(August 2016) Unions representing health workers from both the CGTP and UGT confederations organised strike action on 28 and 29 July calling for implementation of the 35-hour week across the health sector. The unions are angry that the decision to return to the 35-hour week across the public sector has not been fully implement in the health sector where many workers are covered by separate collective agreements that continue to apply the 40-hour week. The unions involved were Sintap, FNSTFPS and SEP. The SEP nurses' union reported 75% and more support for the strike and plans further action. Read more at Sintap (PT), SEP (PT) and FNSTFPS (PT).
High level of support for strike over working hours
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Both the STAL and SINTAP trade unions report a very high level of support for the national public sector strike on 4 March. They estimate turnout at between 75% and 85% with all parts of the public sector affected. The strike was in protest at the government’s call for a public sector pay freeze and with a demand for a proper process of negotiation. Read more at > SINTAP (PT) Read more at > STAL (PT)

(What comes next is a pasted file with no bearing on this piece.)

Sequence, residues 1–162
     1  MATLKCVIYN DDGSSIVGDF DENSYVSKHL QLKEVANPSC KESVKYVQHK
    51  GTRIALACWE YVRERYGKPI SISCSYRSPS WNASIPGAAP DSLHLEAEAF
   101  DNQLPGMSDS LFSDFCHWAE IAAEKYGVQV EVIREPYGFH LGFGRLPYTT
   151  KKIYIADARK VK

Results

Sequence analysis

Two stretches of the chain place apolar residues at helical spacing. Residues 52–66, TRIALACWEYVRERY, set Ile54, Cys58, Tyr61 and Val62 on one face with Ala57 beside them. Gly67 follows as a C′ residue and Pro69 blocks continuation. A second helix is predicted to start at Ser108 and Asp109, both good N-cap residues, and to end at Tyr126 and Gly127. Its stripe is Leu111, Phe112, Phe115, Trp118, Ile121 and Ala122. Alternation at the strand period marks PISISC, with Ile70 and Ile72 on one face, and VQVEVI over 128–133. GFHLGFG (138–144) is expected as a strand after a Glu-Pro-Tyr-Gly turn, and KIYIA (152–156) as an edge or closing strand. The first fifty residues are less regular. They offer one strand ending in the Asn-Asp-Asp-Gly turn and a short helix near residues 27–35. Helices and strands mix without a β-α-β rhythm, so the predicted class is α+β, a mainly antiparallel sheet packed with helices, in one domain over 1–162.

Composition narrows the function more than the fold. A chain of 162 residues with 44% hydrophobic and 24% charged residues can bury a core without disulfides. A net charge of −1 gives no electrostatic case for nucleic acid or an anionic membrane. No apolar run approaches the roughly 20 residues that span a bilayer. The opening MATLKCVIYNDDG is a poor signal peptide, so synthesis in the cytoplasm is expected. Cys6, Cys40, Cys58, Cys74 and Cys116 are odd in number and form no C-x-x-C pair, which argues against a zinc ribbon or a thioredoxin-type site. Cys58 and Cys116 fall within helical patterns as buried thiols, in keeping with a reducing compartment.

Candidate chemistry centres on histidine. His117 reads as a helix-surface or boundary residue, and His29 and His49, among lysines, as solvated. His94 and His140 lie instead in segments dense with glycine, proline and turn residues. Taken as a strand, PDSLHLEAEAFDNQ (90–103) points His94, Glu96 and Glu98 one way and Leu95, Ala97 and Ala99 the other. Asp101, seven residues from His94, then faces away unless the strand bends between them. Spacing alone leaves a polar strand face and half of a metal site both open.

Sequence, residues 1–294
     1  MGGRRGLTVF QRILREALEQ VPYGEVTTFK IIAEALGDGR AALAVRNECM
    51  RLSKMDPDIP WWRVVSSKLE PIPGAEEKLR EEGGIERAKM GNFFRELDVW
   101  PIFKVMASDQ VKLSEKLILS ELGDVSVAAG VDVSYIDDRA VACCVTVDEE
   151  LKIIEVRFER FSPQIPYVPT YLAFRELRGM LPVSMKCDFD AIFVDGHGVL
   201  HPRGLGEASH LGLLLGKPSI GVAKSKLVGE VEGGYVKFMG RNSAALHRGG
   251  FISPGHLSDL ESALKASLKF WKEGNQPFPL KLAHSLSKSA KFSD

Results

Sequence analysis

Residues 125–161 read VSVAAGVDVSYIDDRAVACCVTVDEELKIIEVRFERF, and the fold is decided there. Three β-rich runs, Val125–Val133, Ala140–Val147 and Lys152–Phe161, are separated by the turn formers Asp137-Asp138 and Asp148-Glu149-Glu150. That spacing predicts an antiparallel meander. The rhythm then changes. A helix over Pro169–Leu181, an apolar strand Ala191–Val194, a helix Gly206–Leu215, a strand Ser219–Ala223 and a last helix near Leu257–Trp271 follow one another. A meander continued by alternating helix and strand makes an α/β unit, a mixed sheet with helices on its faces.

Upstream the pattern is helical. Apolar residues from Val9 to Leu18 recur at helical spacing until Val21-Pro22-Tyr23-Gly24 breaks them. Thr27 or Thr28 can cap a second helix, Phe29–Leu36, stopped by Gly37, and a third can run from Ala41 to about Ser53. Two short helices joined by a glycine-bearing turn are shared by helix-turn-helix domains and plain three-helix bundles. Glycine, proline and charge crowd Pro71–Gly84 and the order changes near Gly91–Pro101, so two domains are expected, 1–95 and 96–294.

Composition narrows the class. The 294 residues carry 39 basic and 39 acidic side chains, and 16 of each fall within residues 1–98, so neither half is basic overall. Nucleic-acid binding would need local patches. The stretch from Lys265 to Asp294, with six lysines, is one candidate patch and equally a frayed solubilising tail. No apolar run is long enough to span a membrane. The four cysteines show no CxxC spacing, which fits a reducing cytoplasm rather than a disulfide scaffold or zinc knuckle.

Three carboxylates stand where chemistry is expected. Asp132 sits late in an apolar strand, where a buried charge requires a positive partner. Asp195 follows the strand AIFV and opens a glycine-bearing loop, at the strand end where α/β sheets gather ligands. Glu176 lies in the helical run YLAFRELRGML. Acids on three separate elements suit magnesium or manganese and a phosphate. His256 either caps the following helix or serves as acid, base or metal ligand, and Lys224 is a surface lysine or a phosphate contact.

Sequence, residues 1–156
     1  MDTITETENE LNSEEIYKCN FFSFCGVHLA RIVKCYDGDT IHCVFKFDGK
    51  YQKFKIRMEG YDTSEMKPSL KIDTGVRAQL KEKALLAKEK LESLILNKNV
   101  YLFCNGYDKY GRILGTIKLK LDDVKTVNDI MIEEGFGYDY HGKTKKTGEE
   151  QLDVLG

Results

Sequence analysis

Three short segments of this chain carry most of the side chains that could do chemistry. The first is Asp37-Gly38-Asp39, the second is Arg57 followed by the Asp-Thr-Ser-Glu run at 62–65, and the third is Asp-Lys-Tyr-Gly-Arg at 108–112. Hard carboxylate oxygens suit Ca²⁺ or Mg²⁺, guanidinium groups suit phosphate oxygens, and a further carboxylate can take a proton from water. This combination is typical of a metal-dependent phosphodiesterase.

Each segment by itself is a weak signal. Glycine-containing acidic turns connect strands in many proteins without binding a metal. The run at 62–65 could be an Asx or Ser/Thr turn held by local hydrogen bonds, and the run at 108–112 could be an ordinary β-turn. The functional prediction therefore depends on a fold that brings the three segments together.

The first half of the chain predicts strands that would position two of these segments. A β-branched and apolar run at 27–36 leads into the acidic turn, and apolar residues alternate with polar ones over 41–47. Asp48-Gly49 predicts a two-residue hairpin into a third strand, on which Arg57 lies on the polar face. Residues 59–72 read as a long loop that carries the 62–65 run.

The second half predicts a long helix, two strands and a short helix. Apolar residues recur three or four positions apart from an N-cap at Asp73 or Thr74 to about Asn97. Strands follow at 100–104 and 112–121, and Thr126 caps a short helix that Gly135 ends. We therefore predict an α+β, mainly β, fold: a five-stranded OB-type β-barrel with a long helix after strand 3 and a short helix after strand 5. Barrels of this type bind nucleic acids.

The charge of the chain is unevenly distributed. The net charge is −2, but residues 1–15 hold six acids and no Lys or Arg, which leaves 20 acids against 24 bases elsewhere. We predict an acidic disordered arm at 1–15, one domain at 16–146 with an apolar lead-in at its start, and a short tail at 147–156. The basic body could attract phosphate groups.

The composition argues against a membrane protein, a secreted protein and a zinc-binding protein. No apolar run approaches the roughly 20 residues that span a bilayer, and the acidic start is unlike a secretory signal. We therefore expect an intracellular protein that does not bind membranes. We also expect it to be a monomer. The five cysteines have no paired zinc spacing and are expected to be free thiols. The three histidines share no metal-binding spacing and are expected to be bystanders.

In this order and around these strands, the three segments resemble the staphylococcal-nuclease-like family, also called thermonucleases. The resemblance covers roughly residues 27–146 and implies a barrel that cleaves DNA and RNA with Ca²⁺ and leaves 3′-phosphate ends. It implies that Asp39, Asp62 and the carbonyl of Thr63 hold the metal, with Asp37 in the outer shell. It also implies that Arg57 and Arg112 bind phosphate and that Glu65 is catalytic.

Trade unions reported a high level of support for the national one-day strike in public administration and other public services on 26 October. The unions are determined to continue their campaign to end the pay freeze that various governments have imposed since 2009 and to unfreeze career progression. In the meantime, there has been further action in the health service, with workers in technical diagnostic and therapeutic services involved in a 24-hour strike on 29 October over the pay structure, pay increase, career development and working time.
Unions report a high level of support - 70%-80% in some areas - for the strike by doctors and health managers on 12 December. The action involved many organisations in the sector including FP-CGIL, UIL-FPL and CISL Medici. The strike was called in support of negotiations to renew doctors' contracts after eight years without any bargaining. But the unions are also raising issues around precarious work and training for young doctors as well as the issue of funding. The unions are criticising the government for failing to increase health funding as a percentage of GDP.